The state grant required the divers to work several boats, not just one. Now Billiris wasn't following the program or the rules.
Worse, the divers did not want to split up. They wanted to go out on Billiris' boat again, he said. The $15,000 grant was at risk.
The day they were supposed to leave, the weather was perfect and clear. But Billiris was at the center of a storm.
One day early this month, Billiris sat in a folding chair by the St. Nicholas III with his head in his hands, surrounded by other boat owners and divers, all of them arguing, mostly in Greek.
Boat owners spent money to prepare for the divers, and now they would not get to use them. They said Billiris was taking food from their mouths. They said he was using state money to fill his own pockets. Several said the divers should never have come at all.
"We want the program to work," said Jeff Love, president of the Sponge Associates of Florida, a group created to support the industry. "But it has to work under our rules."
Billiris doesn't care how the divers come, as long as they come. He wants to keep them happy so they will come again next year, and bring more.
He argued for the larger picture: how the tourist industry hinges on the sponge industry, and how profitable the sponge industry used to be.
The dock regulars have all heard this story, over and over.
"Those were different times, George," Love said.
In his lifetime, Billiris has seen the industry crest and fall several times. Once, 180 sponge boats tied up in Tarpon Springs. Then, in 1946, the sponge turned black with blight and died. Divers found work elsewhere. The father-to-son traditions were broken. There have some been good times since, but it has never been the same.
Now the sponges in the Gulf of Mexico are healthy, and the sponges in the Mediterranean are sick. World demand is eight times the supply. This ought to work, Billiris said. They had to make it work. There is no backup plan.
All the controversy sometimes makes the old captain wish that he could walk away. But most of the time, he wishes he could go back.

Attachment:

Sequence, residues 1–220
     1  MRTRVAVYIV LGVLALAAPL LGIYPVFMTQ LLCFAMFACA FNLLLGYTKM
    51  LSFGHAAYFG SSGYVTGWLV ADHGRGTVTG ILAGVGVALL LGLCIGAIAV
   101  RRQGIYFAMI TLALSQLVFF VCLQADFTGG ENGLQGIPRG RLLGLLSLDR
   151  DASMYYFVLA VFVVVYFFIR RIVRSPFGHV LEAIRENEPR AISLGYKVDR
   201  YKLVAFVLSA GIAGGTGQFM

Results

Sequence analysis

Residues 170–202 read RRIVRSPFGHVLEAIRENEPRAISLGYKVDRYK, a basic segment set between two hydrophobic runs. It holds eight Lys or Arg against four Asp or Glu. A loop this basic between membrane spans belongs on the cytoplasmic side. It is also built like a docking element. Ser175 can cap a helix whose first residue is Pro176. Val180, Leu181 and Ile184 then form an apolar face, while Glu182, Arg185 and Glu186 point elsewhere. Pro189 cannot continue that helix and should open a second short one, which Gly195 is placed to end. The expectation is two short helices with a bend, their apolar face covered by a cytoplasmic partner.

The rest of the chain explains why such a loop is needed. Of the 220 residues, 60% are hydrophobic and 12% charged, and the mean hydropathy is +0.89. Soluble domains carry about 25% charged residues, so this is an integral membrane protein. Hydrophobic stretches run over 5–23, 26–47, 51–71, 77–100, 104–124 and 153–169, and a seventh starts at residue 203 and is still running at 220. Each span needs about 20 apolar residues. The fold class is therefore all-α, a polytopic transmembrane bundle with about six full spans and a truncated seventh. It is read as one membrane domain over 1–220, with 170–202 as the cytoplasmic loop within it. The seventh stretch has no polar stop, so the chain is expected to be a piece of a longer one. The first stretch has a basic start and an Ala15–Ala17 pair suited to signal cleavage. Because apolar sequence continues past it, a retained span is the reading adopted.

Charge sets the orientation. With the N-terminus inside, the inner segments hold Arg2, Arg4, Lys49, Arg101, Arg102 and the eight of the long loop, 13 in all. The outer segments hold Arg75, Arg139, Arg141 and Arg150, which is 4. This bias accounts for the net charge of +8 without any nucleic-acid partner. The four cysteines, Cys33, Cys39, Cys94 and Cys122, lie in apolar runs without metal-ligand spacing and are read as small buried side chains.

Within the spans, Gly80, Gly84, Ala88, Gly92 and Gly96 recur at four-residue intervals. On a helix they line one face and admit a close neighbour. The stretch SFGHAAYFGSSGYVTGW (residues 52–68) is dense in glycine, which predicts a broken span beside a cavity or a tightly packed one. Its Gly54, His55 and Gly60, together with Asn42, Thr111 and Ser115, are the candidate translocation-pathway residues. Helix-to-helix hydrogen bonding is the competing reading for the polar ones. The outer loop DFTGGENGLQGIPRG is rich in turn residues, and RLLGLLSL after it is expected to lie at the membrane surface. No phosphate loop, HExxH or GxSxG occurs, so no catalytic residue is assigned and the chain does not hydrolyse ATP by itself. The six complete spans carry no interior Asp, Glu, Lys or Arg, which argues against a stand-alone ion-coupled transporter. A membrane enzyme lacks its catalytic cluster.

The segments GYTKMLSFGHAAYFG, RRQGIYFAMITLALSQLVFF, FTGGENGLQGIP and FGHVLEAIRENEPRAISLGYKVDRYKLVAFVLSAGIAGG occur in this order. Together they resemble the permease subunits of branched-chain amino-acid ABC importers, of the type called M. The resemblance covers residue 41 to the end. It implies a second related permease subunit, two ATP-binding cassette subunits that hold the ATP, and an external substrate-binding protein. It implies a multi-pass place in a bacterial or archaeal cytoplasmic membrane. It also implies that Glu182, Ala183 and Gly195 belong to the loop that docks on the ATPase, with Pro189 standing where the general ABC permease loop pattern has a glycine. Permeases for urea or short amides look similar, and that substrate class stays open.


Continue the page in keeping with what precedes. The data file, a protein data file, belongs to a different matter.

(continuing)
"Ah," he said. "You had to live it. It was a hell of a life."
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The spongers know that the season is almost over. Cold weather is pushing its way in.
So, overnight, they decided they would not waste the last days bickering on the docks.
They struck a compromise, and they convinced the Greek divers to split up.
The divers don't say what changed their minds. They don't speak English. But when asked whether they will come here again, one of them nodded.
One of the divers had already gone home to wait for next year.
One of the divers agreed to go out with Sunny Sebaugh, the 70-year-old owner of the Suzy Sea. Sebaugh was supposed to get two divers. He has decided to take what he can get, and not complain.
"Everything's fine," he said smiling, as divers hustled around his boat, getting ready to leave. "Everyone is a happy family."
He took his regular divers and his big poodle, named Sponger. And he took Ed Silver, a contractor from Holiday, who just might be part of the next generation of sponge divers, if he sticks it out.
For Silver, 49, there is no guaranteed wage, no health insurance, no paid vacation, no overtime.
But, there is a mile marker out past the end of the docks. "And once you get past that," Silver said, "this all disappears."
When he met Sebaugh, he had never been diving before. He had never been on a boat.
He worked two seasons as a deckhand. Now, he is learning to walk on the bottom of the ocean. At night, the waves rock him to sleep.
The days are hard and long. "But then you take a minute and watch the sun drop in the ocean," he said. "You watch the sun come up with a cup of coffee. I feel good when I come back."
He is half Greek, so maybe sponging is his heritage. But his family and friends think he is crazy anyway.
"They don't understand," he said.
With that, the big poodle jumped on the boat, and the divers followed.
As for Billiris, he got to make one more trip, too.
Farther down the docks, he and his men readied the boat. He took two divers and a trainee.
They planned to stay out a week or so. But the smart thing is to stay gone as long as the weather is good.
"Because after good weather comes bad," he said.
This could be the last trip of the season, and no one can say what next season will bring.
So Billiris and Sunny and all the divers had their pictures taken, for history.
Then, finally, they headed out.
They wished for good weather, and calm water.